I’m going to be a bit daring this week and talk about religion. (But don’t worry. I won’t preach.)

My books aren’t inspirational, so faith issues aren’t in the foreground, but when I create Regency characters I always keep in mind that they do have a religious background of some kind, even if they’re an atheist or agnostic or just aren’t very observant. Even if it’s never overtly mentioned, my characters’ upbringing and beliefs are going to play a role in how they deal with issues of life and death, right and wrong, and love and sex that arise over the course of their stories.

And I also remember that my characters’ religion isn’t as similar to my own as you might think. You see, I’m an Episcopalian, a member of the American branch of the Anglican Communion. You’d think that would give me a wonderful window into writing Regency characters, so many of whom are English aristocrats and therefore good, conforming, non-boat-rocking members of the Church of England. And you’d think that if my characters found themselves flung forward two centuries, visiting Saint Andrew’s with me on a Sunday morning would be a little taste of home.


Not so much, as it turns out. Oh, the liturgy would sound familiar in many spots. And I won’t dwell on the differences that spring from broader social changes–like how my Regency characters wouldn’t have referred to their rector as “Pete,” nor how their congregation’s ordained staff wouldn’t have been 50% female.

No, to a Regency person my modern Episcopal church would be both far too Catholic and entirely too like those overly enthusiastic Methodists and dissenting Protestants. We speak well of the Pope–at least of Pope Francis–which I can’t imagine any Regency-era Anglican doing, given how fraught and bound up in national identity the Catholic-Protestant divide was then. And while I can’t find any specific citations, I don’t think Regency clergy wore ornate, brightly colored vestments or broke out the incense at Easter and Christmas.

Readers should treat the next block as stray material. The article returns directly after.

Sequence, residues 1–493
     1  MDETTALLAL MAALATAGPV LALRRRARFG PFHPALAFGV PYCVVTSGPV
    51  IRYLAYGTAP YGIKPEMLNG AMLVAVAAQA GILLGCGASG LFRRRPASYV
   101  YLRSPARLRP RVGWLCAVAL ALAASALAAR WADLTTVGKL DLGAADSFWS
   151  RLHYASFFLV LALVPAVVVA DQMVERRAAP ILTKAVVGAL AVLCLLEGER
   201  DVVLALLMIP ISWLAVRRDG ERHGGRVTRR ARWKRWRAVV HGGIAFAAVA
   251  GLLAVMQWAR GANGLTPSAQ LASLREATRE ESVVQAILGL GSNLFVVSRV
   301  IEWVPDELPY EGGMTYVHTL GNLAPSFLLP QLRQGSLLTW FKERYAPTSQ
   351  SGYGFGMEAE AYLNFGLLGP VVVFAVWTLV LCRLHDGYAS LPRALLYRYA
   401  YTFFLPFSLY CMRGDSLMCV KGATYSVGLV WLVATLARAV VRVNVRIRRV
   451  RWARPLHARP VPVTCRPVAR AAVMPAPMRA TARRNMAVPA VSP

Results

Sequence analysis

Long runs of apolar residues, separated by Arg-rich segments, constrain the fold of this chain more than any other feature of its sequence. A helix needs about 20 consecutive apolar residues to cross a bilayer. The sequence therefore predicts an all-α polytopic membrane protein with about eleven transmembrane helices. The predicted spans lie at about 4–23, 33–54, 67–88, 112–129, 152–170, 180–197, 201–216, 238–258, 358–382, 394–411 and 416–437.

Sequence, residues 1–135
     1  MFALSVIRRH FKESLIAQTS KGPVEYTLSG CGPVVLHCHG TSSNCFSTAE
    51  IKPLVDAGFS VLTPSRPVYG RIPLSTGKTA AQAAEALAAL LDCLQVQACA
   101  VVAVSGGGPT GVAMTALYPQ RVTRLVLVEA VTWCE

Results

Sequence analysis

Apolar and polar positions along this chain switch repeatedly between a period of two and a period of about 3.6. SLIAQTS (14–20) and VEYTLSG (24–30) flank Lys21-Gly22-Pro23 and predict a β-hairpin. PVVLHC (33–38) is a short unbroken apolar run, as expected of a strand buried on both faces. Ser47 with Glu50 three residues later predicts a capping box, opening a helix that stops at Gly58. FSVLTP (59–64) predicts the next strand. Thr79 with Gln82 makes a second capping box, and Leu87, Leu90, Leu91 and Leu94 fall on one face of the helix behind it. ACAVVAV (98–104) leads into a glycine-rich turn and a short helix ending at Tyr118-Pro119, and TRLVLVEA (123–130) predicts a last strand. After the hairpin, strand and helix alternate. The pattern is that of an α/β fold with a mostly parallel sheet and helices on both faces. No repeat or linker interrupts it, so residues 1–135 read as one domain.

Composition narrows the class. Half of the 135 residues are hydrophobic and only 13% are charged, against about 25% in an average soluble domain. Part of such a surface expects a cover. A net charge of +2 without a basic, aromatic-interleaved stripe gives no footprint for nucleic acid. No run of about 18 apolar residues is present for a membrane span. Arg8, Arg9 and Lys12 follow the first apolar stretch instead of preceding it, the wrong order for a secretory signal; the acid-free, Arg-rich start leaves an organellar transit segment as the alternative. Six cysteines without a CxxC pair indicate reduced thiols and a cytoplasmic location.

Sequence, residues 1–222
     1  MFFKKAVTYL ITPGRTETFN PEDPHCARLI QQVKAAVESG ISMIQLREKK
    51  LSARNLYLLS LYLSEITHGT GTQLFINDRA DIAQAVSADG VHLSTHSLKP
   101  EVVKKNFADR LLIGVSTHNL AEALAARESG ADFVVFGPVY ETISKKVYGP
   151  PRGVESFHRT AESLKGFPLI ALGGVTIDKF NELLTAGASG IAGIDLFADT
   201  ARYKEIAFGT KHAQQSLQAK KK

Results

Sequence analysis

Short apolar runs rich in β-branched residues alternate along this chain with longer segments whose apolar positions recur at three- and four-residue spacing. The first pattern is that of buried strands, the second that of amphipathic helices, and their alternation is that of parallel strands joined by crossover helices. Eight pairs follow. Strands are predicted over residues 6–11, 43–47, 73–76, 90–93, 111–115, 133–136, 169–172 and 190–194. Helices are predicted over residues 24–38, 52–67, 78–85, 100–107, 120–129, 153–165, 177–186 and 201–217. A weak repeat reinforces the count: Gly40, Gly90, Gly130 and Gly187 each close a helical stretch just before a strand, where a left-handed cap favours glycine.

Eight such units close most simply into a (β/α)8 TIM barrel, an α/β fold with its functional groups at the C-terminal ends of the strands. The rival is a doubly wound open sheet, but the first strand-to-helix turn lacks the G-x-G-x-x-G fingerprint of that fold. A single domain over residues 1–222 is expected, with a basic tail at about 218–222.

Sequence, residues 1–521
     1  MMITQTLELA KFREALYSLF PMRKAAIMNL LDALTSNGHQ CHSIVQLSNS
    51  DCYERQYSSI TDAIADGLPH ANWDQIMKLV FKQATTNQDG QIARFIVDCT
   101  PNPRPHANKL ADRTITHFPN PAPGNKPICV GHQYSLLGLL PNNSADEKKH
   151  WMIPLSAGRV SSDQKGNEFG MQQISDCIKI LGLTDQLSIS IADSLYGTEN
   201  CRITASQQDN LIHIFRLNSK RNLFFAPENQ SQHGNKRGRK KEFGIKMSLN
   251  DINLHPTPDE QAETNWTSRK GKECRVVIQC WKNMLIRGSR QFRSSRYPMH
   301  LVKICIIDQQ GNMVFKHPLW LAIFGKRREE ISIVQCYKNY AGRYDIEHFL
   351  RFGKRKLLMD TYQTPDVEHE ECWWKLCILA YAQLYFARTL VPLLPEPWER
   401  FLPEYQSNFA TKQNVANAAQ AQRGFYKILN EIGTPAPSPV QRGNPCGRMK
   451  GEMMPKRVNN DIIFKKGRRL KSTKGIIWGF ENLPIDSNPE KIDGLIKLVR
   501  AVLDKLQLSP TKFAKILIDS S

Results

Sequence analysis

(That’s Katharine Jefferts Schori, the current presiding bishop of the Episcopal Church, at her investiture.)

But the biggest difference between a modern Episcopal or Anglican Sunday service and its Regency antecedent would be the hymns. Prior to 1820 or so, hymn singing was frowned upon in the Church of England–insofar as congregational music existed, it ran to metrical versions of psalms. Since the psalms were taken directly from Scripture, their theology was unassailable, while hymns were viewed as too emotional and of dubious theological merit. (Which amused me to discover, since 200 years later you see similar debates in the church, only with hymns in the honored place once occupied by psalms and “contemporary praise choruses” as the newbies.)

What changed? Just after the Regency, in roughly the second quarter of the 19th century, the Church of England experienced a period of spiritual renewal. This renewal had two branches–Evangelical and Anglo-Catholic. Both movements had a significant, ongoing impact on the church and made the bright, colorful, musical Sunday mornings at Saint Andrew’s possible.

I won’t be there this Sunday, though. Instead I’ll be worshipping at the Church of Baseball, Mariners vs. Orioles. And lest you think there’s no Regency connection there, baseball is mentioned in Jane Austen. Really. I swear.

How do you feel about religion making an appearance in non-inspirational Regencies? Let me know in the comments. And bonus points to anyone who can find the Austen reference and/or say why I always refer to Sunday games as the Church of Baseball.